Divided We Surely Fall

There are only two sides to the EU debate: those that believe that the EU is beyond saving and want out, and those that believe that the EU is worth saving and want in. For the sake of simplicity we’ll call these camps anti-EU and pro-EU. All three of the major parties in British politics are pro-EU in that they all agree that the EU needs reform, but is a good thing for Britain. Sure they bicker about individual items of legislation, and for political convenience it is in their favour to appear more or less in favour of the EU depending upon what slice of the electorate they’re canvassing, but in terms of the grand EU debate, they are all on the same side. Only Farage sits on the other.

So it seems strange that the political establishment can’t win this in a slam dunk. Surely the combined weight of the conservative party, the labour party, and the liberal democrats should be enough to explain to the electorate precisely why an imperfect EU is better than a non-existent one. The Nick Clegg v Nigel Farage debate was a perfect opportunity for the pro-Eu camp to unify, and yet the opposite happened. Today David Cameron appeared on television calling Nick Clegg an extremist, the Labour party have been distancing themselves as far as possible from the subject lest negative fallout stains their trousers, and even the Green party – a party whose objectives are solely dependent upon the EU and global cooperation – couldn’t resist the opportunity to resort to petty politics and opportunism. If our political parties cannot unite when presented with such a basic proposition, is it any wonder that demagogues like Farage triumph?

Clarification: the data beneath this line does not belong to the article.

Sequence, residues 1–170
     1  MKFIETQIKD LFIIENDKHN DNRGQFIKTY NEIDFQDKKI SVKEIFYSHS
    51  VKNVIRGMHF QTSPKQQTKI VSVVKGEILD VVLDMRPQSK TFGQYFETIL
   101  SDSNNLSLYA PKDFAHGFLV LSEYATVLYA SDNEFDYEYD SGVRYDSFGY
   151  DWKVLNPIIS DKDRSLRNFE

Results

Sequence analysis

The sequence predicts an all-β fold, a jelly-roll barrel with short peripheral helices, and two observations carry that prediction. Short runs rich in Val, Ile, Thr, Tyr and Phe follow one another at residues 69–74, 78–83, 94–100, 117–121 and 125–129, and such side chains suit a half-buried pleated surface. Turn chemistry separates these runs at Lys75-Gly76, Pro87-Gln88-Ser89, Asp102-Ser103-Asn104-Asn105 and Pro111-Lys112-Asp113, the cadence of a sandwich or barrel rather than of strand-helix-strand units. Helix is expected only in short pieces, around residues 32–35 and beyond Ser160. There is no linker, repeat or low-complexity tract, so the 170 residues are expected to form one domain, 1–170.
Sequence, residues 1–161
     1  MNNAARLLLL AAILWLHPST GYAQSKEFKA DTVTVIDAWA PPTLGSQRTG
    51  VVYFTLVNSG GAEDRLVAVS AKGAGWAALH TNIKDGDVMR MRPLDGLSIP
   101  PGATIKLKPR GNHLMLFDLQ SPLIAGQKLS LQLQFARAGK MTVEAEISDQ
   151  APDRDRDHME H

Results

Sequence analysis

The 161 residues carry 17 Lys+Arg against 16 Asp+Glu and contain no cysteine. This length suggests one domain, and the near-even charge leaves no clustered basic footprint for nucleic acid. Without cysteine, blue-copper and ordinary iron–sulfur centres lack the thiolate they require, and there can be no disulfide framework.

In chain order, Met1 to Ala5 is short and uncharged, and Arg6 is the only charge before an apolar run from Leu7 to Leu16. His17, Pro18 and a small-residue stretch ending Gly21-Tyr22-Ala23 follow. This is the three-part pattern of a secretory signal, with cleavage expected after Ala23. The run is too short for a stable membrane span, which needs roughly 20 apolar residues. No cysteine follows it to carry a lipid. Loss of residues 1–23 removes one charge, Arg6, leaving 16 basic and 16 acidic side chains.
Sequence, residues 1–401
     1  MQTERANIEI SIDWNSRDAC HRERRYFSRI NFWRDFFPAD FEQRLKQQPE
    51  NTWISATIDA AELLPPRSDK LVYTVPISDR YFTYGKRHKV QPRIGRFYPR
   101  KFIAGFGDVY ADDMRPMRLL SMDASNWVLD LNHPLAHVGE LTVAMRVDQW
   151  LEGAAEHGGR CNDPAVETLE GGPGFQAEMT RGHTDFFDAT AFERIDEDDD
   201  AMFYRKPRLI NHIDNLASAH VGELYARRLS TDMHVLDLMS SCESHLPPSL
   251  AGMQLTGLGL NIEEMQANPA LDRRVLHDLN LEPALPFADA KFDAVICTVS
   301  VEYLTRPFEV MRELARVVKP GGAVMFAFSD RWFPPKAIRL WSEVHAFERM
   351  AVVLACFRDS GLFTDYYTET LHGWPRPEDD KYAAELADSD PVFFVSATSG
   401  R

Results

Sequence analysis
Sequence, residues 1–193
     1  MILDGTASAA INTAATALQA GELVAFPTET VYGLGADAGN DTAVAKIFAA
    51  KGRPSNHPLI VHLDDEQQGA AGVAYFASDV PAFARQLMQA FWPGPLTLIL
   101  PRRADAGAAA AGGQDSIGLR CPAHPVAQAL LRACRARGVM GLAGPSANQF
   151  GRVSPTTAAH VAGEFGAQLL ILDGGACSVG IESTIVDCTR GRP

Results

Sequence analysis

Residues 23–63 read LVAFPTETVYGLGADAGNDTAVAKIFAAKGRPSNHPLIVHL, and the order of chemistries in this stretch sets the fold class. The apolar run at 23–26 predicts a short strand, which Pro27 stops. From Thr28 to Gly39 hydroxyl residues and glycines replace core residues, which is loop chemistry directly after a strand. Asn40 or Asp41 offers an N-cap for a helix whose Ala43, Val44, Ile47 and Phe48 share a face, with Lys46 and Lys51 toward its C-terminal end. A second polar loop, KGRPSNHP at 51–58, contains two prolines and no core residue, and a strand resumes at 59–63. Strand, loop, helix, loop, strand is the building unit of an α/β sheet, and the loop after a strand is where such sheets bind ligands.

We see this time and again with the liberal left. The AV referendum was lost because rather than unite to improve an outdated electoral system, the Labour party used it as an opportunity to steal votes from the Lib Dems. I’ll say this for the conservatives, they know how to pull together for the bigger picture, the left simply cannot get past its own factional squabbling.

Take this party political broadcast by the Green party in response to the debate. The Greens have an almost identical outlook on Europe as the Lib Dems, but to gain political advantage they paint them as the very non-existent caricature dreamt up by the daily mail: a sycophantic slave to faceless EU bureaucrats. Pro-EU camps should be arguing that this stereotype doesn’t exist, that it is a paranoid fantasy, but the Greens have cynically promoted it, betraying their own cause. It is yet another sad sign of the continued decline of a once promising party.

Cooperating is a virtue in politics, but Britain is yet to break out of its juvenile mentality and realise this. If we don’t soon change, Farage, may well win by default.

A UKIP Assessment

Google UKIP and the first line in their autobiographical blurb reads: “Libertarian, non-racist party seeking Britain’s withdrawal from the European Union.” Frankly, if one of the first things an organisation needs to say about themselves is that they’re ‘non-racist’, people should be slightly worried. But before their, slightly guilty sounding, profession of non-racism, they highlight their libertarianism, so they can’t be all bad, surely?

Nigel Farage, UKIP Leader by European Parliament

Nigel Farage, UKIP Leader by European Parliament

“We, The People” is the title of the UKIP local election manifesto, which carries the rather patronising tag-line of being “straight-talking” which at best means ‘simplified’, and at worst ”dumbed down’. But, without feeling too prejudiced, lets jump on in.